Tagged: Colour Theory

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[Colour Theory] Contrasting Achromatic

Sin City Neutral (Grey) and Near-Neutral Achromatics as well as Monochromatic paint schemes create lovely soft looks, but sometimes you want something to stand out. As I said at the start of this series, choose a paint theme to help...

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[Colour Theory] Monochromatic

Choose a Hue, add White, Black, GreyBurnetts Boards This colour scheme is similar to Achromatic (Greyscale) except a single colour is allowed. You can still Tint, (Highlight) Shade or Tone. (Grey) There aren’t many situations where you might use monochromatic...

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[Colour Theory] Near-Neutral Achromatic

Similar to Pure Achromatic (Greyscale) schemes, are Near-Neutrals. Since Grey is Neutral, Near-Neutrals are Colours that have so much grey (light or dark grey) that it’s almost impossible to tell what the original colour was. “Earthy” is another term given...

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[Colour Theory] Pure-Achromatic (Greyscale)

Remember when I said colours of equal value look like thesame shade of grey? Look at the Colour Wheel now. Achromatic Colours are Whites, Blacks and Greys. Greys are also known as Neutral because they have no colour. (Grey is...

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[Colour Theory] Colour Contrast and Context

Comparing light, dark and grey contrasts. http://facweb.cs.depaul.edu/sgrais/color_context.htm When we look at contrast, it means we’re looking at how strongly one colour appears compared to another. Specifically, when the 2 colours are painted next to each other. Advertising and websites pay...

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[Colour Theory] Square Tetradic Colours

I’ll be looking at two Tetradic Schemes – Rectangular and Square. In both, we use 2 sets of Complementary Colours for a total of 4 colours. The difference between Rectangular and Square is how far apart the colours are spread....

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[Colour Theory] Rectangular Tetradic Colours

I’ll be looking at two Tetradic Schemes – Rectangular and Square. In both, we use 2 sets of Complementary Colours for a total of 4 colours. The difference between Rectangular and Square is how far apart the colours are spread....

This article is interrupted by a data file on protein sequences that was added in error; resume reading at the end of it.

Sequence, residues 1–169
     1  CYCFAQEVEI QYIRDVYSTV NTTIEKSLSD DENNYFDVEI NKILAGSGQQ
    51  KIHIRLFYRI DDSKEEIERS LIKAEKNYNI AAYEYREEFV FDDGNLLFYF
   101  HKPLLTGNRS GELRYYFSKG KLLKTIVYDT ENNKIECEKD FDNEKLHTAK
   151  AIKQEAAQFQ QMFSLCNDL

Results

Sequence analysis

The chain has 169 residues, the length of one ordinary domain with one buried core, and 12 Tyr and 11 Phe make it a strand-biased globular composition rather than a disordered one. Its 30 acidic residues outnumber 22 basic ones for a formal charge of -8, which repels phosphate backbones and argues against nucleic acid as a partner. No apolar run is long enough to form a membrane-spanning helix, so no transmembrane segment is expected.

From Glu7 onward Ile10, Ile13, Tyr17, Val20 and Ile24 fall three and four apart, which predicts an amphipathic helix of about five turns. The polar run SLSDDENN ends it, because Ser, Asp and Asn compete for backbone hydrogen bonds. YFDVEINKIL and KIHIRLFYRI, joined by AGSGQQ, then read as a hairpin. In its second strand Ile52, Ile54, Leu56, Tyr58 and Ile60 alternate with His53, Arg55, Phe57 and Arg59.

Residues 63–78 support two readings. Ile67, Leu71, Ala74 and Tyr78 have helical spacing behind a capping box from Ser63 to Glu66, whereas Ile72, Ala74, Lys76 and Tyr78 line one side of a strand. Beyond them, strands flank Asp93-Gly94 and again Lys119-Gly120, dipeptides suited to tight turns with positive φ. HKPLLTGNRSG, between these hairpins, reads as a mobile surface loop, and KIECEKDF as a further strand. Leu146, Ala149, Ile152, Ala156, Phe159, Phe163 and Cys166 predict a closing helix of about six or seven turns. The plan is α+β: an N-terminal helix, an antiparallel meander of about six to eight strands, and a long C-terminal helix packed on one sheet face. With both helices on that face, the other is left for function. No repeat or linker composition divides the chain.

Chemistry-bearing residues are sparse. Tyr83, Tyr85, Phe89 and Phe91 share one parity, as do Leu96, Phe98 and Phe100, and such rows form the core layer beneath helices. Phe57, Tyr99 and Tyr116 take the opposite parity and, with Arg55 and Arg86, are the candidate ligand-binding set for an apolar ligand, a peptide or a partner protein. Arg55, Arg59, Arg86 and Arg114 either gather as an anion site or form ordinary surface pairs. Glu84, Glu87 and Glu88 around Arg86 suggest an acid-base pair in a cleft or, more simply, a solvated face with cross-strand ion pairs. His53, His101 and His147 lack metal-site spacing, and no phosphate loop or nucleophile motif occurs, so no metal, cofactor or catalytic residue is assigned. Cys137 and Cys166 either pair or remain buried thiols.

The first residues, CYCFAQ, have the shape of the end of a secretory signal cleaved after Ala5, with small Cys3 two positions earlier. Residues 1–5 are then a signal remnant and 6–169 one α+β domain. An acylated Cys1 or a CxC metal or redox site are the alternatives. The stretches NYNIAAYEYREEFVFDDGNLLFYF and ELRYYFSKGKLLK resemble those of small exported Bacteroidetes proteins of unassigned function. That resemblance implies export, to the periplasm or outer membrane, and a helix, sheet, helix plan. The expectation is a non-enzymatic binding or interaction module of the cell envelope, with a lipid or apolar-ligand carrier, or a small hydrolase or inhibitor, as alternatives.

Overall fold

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[Colour Theory] Triadic Colours

Even Triadic: Orange-Red, Green and Blue Colours in the Triad are evenly spaced around the wheel. Together, these colours appear very vibrant. A benefit is that while these colours create a contrast, there’s still a harmony due to the even...

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[Colour Theory] Split-Complementary Colours

Main: Green, Split: Orange-Red & Red-Violet This colour scheme is similar to Complementary Colours, but instead of using the one directly opposite your main choice, it uses the two beside the complementary colour. You’ll share many of the benefits of the...

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[Colour Theory] Cool Colours

As discussed previously, Colour Temperature talks about how we perceive colours and their relation to others on the colour wheel. Directly, this means Green, Blue, Violet and all the colours in between. Indirectly, you can say that certain colours are...

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[Colour Theory] Warm Colours

HandPrint.com Colour Temperature talks about the appearance of colours and how they relate to each other on the colour wheel. Directly, this means Yellow, Orange, Red and all the colours in between. Indirectly, you can say that certain colours are...

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[Colour Theory] Analogous Colours

Main: Green-Yellow (Lime) Analogous: Green and Yellow Analogous Colours These colour schemes, often found in nature, are near each other on the colour wheel. They go together and blend naturally. I’m not talking about painting a model with just one colour...

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[Colour Theory] Complementary Colours

Complementary: Green and Red What we’re looking at here are colour opposites. Being opposites, they cause the other one to strongly stand out when the colours are next to each other or if a lot of one surrounds a small...